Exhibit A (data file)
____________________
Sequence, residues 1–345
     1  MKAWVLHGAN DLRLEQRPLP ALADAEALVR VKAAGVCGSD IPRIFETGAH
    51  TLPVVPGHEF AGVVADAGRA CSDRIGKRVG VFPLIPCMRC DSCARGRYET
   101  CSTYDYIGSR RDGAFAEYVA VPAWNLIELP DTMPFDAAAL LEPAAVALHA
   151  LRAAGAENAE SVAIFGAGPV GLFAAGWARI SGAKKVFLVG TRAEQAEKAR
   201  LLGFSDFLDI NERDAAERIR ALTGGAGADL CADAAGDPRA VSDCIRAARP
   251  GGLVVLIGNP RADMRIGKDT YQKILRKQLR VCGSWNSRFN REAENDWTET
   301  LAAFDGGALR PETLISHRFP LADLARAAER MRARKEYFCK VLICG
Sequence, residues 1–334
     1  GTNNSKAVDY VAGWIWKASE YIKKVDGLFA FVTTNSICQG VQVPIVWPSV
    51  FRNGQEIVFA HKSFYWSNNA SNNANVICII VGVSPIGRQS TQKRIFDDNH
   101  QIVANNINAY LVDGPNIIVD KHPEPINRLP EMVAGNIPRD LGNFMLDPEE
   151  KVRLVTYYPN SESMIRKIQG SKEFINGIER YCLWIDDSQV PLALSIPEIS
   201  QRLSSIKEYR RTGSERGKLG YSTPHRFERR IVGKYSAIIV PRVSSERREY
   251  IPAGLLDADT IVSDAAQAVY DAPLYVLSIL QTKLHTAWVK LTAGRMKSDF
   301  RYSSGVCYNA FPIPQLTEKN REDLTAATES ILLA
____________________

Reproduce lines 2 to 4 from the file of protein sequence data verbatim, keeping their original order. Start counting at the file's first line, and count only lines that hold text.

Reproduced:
     1  MKAWVLHGAN DLRLEQRPLP ALADAEALVR VKAAGVCGSD IPRIFETGAH
    51  TLPVVPGHEF AGVVADAGRA CSDRIGKRVG VFPLIPCMRC DSCARGRYET
   101  CSTYDYIGSR RDGAFAEYVA VPAWNLIELP DTMPFDAAAL LEPAAVALHA